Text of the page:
If you had to write a list of Citroen’s greatest assets, innovation and style would be right at the top. Citroen revived the DS badge to give its designers more space to express both in an attempt to appeal to an increasingly style-conscious market. The DS3 is Citroen’s answer to the MINI and as such is aimed firmly at the lucrative premium supermini market.
First things first, the DS3 Cabrio isn’t a pure convertible as the sides of the roof stay put, instead you get a full length retracting roof which, when completely open, concertinas into a space above the boot lid. The benefits of this are that the Cabrio is barely any heavier than the standard car and maintains the good looks with the roof up. On the downside the roof obscures rear visibility when down and doesn’t look as posh as a full convertible.
Thanks to the roof configuration the interior will be familiar to any DS3 owner and the boot is only reduced by 40 litres, which leaves a sensible 245 litres. This puts the MINI’s 125 litres to shame and makes the DS3 Cabrio a more usable everyday proposition. You also get the option of opening the roof in stages, leaving the rear window in place, and it will operate at up to 75 mph.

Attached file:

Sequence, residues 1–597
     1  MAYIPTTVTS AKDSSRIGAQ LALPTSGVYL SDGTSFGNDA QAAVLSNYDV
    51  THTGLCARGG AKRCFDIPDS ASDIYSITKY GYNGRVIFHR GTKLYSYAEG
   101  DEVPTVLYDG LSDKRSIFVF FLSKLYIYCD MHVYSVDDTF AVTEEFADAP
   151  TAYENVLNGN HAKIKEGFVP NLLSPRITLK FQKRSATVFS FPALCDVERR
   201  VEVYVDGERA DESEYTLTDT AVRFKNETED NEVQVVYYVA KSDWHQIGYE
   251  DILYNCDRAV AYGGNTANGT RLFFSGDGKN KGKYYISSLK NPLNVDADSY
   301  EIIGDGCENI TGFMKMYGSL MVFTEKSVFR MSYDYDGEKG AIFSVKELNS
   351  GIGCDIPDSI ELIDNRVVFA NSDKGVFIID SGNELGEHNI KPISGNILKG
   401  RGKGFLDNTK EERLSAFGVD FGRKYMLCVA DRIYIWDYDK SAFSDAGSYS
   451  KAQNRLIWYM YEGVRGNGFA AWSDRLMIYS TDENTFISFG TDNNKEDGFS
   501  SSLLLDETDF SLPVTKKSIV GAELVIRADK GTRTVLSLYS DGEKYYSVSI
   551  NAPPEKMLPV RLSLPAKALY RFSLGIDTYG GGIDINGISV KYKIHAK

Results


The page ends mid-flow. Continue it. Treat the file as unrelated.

Under the bonnet is a 1.2-litre three-cylinder petrol engine producing 109 bhp at 5,500 rpm and 151 lb.ft of torque at 1,500 rpm. This is enough to provide good performance with the bonus of strong fuel economy. The torquey delivery suits the open top vibe perfectly as you don’t need to overwork the engine to access everyday performance, but it is nice to know that there is a little more in reserve if it is needed.
The DS3 Cabrio offers more interior space and more boot space than its rivals, looks good, is decent to drive, and is efficient. If you want a chic small convertible with 5 seats and a sensible price tag the DS3 is a great option.